‘What we have here is a coup’
Charlie Wilson’s War
Charlie Wilson’s tenure so far on the Vero Beach City Council has been just as rocky as his controversial candidacy.
“I’ve been in office less than three weeks and already I’ve been sworn in and sued,” he said.
The lawsuit challenging his candidacy was no surprise – Wilson had been warned that someone might do just that -- but the city’s response, leaving Wilson on his own, the odd man out, came as a bit of a shock.
City Attorney Charlie Vitunac is not only not contesting former antigrowth activist Dian George’s claim that Wilson was not qualifi ed to run. Vitunac and other city officials have said they had to permit Wilson’s candidacy. They have declared that Wilson is “on his own” to mount a defense.
Wilson, a stalwart critic of the city’s utility operation prior to the election, made the high-cost of electricity a rallying cry for voters fed up with rising monthly bills. He and new Council member Brian Heady easily ousted incumbents Debra Fromang and Bill Fish in the Nov. 3 election.
Now, Wilson is increasingly seeing himself under siege – and not totally certain that he will survive the efforts to oust him. But he shows no signs of giving up.
“What we have here is a coup,” he said earlier this week as he launched a counterattack against the city.
“This is about politics, purely about politics,” Wilson said. “The city has a history of efforts by the entrenched powers of the city to discourage opposition candidates.”
Wilson accuses City Attorney Charlie Vitunac of drafting such a murky ordinance that it could be left to interpretation.
Wilson and his attorney claim that if one or more interpretation is possible, precedent would lead the court to err on the side of the person being governed by the ordinance, not the author of the ordinance.
But just who is trying to get Charlie Wilson?
Dian George is not very difficult to reach. Her number is listed in the phone book and she often readily speaks -- at least to 32963 reporters who have called her despite her attorney’s assertion that she has no comment on the lawsuit.
George said efforts to link her to some political power or cause are baseless. Here is how she decided to fi le the lawsuit. She claims she voted for Ken Daige and for Wilson, having been totally unaware of any news reports regarding questions about his residency.
After voting for Wilson via absentee ballot, George said she was “given an earful” on election night over the phone by a friend, who told her of the questions swirling around Wilson’s residency status. Enraged and feeling personally betrayed by Wilson, she fi led suit two days later.
“I was driving down Route 60 and I saw a sign that said Vocelle,” she said. “I am a former probation offi cer and I knew (the late) L.B. Vocelle from when he was a judge and I loved that man. I turned off the road and went into his office.” There, she told his son “Buck” Vocelle that “I had a problem, that I’d voted for Charlie Wilson and I don’t think he was qualified and asked him if he would take on a civil suit for me.”
She wrote a check for the $1,000 retainer from her own bank account, and insists she was motivated only by love of country and love of the City of Vero Beach.
“There is no bad blood between Charlie and myself, I have nothing against Charlie Wilson,” George said. “I’m a former Marine and I fought and would have died for my country and the freedom it stands for and I think if someone throws their hat in the ring for office, they should meet the qualifi cations. I was disappointed that I feel he knew he didn’t and raised his hand anyway.”
Wilson has asserted that he told the truth when he filed, that he met the requirements to run for office and would do the same thing over again.
Strangers don’t normally sue each other, even with patriotism as a motive, and many wonder what made George file against Wilson.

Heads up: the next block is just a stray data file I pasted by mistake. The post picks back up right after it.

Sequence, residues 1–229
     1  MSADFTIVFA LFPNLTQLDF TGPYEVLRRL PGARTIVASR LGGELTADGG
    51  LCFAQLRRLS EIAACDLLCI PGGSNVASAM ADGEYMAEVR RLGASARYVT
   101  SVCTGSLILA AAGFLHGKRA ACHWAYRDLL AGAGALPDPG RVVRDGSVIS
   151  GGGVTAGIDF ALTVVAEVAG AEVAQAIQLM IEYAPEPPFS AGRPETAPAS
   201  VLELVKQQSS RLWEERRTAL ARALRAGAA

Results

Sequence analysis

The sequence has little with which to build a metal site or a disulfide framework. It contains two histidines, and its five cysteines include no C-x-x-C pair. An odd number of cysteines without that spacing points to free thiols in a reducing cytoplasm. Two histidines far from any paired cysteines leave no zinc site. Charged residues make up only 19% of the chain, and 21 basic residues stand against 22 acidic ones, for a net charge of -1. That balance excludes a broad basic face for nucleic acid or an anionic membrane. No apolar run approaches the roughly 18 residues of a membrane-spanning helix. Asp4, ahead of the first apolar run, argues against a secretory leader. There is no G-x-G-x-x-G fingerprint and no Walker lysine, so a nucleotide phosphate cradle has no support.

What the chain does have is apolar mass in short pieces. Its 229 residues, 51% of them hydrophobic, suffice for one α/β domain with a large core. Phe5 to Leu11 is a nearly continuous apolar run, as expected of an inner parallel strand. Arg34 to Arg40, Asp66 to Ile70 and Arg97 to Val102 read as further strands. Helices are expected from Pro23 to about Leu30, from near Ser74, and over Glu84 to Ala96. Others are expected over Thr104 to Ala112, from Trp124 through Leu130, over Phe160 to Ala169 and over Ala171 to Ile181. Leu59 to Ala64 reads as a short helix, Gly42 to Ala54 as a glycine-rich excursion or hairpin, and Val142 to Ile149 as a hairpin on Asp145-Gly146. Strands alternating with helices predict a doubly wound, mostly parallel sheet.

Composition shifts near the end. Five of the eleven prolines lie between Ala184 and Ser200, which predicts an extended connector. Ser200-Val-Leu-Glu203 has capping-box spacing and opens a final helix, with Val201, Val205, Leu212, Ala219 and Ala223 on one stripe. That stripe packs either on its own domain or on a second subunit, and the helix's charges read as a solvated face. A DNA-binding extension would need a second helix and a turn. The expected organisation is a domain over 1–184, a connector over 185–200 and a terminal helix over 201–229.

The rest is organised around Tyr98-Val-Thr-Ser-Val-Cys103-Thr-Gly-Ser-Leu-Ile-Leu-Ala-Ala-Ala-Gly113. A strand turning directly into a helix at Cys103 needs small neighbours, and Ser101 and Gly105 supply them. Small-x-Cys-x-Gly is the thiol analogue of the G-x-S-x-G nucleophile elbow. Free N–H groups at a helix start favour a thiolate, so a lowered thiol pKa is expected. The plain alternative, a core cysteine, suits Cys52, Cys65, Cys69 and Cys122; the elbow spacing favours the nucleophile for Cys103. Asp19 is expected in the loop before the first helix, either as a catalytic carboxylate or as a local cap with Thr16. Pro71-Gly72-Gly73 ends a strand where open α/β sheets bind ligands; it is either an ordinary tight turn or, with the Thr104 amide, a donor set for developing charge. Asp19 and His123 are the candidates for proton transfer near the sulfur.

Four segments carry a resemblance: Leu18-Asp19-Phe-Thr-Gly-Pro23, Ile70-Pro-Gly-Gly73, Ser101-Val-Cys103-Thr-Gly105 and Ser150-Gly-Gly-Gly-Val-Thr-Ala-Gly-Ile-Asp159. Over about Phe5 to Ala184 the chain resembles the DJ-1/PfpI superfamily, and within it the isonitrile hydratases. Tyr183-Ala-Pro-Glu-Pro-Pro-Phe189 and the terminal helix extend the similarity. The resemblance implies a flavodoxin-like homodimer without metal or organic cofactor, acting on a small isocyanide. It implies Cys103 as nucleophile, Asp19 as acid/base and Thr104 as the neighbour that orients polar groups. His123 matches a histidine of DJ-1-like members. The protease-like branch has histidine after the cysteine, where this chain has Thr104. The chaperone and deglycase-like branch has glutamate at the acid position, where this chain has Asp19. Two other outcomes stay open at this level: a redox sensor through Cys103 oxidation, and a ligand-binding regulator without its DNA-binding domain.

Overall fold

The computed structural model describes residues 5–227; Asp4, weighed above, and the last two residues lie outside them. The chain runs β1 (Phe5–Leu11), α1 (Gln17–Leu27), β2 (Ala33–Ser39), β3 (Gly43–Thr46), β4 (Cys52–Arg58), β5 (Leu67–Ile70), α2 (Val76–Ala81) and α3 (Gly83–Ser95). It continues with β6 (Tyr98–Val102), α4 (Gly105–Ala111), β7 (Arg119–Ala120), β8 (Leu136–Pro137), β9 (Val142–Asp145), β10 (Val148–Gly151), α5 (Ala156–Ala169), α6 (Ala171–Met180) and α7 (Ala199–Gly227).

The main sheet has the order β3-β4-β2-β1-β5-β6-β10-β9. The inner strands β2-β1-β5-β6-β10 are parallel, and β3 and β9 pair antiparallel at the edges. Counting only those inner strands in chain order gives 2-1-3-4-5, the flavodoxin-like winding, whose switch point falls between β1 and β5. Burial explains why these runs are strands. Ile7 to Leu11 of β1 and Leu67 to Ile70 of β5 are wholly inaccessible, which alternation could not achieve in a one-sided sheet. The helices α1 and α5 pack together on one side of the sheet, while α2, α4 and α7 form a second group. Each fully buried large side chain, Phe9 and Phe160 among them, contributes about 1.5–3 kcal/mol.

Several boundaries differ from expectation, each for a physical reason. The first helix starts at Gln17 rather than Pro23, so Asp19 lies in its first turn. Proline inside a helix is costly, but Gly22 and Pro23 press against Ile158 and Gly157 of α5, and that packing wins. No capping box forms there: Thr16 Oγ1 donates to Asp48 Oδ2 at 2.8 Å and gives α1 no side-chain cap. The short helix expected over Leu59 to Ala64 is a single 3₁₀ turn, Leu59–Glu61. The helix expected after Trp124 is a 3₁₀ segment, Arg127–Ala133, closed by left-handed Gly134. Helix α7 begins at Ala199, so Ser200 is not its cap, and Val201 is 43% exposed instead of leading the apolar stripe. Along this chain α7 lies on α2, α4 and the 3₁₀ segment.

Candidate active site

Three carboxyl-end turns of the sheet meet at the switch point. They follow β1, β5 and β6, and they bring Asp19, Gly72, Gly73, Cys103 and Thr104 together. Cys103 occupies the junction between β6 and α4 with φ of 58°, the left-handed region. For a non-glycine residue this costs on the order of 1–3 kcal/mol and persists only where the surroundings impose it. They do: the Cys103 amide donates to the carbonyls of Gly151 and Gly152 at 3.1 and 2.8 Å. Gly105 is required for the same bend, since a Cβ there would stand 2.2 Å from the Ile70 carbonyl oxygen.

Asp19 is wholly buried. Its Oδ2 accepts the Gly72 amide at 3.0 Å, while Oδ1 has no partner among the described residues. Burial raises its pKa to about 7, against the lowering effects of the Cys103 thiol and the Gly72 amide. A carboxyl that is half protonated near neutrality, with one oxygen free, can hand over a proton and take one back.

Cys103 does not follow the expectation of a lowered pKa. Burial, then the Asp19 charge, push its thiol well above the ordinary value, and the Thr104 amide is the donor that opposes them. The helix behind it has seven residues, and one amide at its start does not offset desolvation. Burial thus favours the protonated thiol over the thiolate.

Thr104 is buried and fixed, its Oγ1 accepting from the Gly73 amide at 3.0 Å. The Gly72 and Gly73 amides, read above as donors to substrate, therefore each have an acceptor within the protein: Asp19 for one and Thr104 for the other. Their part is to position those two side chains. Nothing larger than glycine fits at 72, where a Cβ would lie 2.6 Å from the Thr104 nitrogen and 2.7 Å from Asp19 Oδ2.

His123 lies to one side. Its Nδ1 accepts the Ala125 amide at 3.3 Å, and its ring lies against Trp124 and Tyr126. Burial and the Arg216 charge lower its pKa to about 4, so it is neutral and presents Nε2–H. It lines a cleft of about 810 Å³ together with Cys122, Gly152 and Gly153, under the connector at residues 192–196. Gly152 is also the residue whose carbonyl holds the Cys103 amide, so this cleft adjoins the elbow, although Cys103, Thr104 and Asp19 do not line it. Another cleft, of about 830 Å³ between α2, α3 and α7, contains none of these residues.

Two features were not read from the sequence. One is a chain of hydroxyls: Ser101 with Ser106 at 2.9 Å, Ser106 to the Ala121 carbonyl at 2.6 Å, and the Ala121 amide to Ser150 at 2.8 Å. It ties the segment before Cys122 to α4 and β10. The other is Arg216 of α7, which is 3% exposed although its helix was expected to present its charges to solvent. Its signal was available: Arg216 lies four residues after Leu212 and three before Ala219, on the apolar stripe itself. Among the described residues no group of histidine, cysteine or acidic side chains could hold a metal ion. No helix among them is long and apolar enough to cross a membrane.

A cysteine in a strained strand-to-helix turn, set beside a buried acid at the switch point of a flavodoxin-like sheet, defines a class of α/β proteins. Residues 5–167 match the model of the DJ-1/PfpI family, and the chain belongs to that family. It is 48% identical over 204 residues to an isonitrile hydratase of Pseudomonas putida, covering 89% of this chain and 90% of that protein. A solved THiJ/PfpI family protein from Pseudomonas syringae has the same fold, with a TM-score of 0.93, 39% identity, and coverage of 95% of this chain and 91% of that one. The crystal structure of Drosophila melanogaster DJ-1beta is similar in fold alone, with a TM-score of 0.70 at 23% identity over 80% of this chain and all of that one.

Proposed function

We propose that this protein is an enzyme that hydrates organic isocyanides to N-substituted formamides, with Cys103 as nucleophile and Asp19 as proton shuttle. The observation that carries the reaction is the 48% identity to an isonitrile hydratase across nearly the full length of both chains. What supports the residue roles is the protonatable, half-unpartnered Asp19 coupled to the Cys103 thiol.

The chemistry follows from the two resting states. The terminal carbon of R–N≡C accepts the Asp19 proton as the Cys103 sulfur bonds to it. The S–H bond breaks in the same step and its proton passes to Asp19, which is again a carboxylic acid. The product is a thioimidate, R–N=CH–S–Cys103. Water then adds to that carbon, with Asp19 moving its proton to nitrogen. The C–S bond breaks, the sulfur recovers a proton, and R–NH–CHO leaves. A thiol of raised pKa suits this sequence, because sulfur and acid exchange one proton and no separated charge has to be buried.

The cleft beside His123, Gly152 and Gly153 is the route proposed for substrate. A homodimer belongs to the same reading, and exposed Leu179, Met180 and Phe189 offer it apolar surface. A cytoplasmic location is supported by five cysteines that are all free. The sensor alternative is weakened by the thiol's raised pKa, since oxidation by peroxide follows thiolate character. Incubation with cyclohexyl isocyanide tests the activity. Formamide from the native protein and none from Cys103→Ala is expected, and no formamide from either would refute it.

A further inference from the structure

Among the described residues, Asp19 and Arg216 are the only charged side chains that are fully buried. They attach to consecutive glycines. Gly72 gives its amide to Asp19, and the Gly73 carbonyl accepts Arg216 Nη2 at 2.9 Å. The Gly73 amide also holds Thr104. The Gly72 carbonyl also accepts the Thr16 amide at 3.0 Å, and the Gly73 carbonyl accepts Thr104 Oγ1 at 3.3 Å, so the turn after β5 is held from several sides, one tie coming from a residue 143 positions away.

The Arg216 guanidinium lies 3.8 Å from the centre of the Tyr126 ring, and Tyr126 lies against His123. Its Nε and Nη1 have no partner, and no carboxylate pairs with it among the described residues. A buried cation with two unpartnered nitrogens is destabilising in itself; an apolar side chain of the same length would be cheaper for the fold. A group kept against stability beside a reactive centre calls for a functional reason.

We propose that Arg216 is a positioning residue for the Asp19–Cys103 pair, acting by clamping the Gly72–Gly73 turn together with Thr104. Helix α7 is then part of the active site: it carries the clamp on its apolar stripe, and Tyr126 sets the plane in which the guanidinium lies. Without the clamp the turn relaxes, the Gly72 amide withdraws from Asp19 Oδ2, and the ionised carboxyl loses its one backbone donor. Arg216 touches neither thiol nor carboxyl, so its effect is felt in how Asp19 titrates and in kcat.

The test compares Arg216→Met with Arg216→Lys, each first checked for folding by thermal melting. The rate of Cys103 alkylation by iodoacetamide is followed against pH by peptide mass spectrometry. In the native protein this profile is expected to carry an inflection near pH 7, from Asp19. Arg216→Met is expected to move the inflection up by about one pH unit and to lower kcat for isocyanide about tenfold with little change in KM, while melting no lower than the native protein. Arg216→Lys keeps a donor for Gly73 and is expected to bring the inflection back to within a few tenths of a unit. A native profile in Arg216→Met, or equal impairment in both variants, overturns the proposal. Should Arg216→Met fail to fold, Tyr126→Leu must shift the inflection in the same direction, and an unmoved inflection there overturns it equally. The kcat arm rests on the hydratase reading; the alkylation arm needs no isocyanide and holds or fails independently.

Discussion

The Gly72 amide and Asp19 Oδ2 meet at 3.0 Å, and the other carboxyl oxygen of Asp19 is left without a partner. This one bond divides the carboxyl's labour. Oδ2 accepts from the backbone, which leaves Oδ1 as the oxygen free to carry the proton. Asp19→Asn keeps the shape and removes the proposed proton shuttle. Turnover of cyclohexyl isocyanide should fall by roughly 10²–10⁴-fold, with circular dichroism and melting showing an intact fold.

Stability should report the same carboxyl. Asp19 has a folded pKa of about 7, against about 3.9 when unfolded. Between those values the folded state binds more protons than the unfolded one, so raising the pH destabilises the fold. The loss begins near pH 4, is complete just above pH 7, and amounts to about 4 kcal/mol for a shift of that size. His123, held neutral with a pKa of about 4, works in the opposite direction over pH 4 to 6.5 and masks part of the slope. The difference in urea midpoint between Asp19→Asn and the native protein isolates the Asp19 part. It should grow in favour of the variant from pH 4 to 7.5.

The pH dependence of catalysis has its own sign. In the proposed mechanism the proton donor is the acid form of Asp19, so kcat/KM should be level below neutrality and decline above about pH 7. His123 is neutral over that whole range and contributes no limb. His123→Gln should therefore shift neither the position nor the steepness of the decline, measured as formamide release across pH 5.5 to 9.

Wilson believes it may go back to another political debacle involving another City Council race — the 2005 contest between Lynne Larkin and Bob Solari.
At the time that Larkin was battling a massive smear campaign, Wilson was covering the story as news director at AM radio station WTTB. It seems an organization in Palm Beach County purchased the advertising, including spots on Wilson’s station, and George came to him as a source on the story.
George said she had a tape of a meeting of the group backing the advertisements — a tape Wilson and the station’s management deemed had been obtained illegally.
“She fi rst came to me at the radio station, she had a tape that she had done secretly regarding a group called Public Concepts, a political firm,” Wilson said. “They had done the postcards and the ads for the campaign in which Lynne Larkin was defeated and she was trying to identify where they had gotten the funds.”
George had equipped herself with a wire and infi ltrated a meeting of the group. She then showed up at the radio station with the recording and demanded Wilson run the tape, and the damning evidence contained on it, on his radio news show.
“We determined that it was illegally obtained and that we would not run it,” Wilson said. “We did not consider Dian George a credible source of information.”
George admits bringing a tape recording to Wilson but said she does not recall anything illegal or having any hard feelings over the incident. She said she chose to give the information to his radio station because she felt he was a conscientious member of the press.
“I thought Charlie was doing a wonderful job on the radio station and was thoroughly investigating Bob Solari,” George said.
“That was the last I saw or heard from Dian George,” Wilson said. “I haven’t seen her or spoken with her in years.”
George vehemently denies that anyone else is behind her actions, though she said her phone has rung off the hook since she fi led with calls from supporters and friends offering to donate toward her cause.
“People think that I’m a front for an organization, but I have not been involved in anything in the past two years and I’m a disabled veteran, I have my own money to do this,” George said. She said she barely leaves the house, didn’t read newspapers prior to fi ling the lawsuit and doesn’t have local television, just a satellite dish, so she’s been “out of the loop” for some time.
“I wasn’t interested in politics anymore, when I left the IRNA was when they did not support Humiston Park,” she said. “I have not spoken to any public officials or candidates, except for one phone call from Ken Daige prior to the election when he asked to put a sign in my yard and I wasn’t even here when he came to do that.”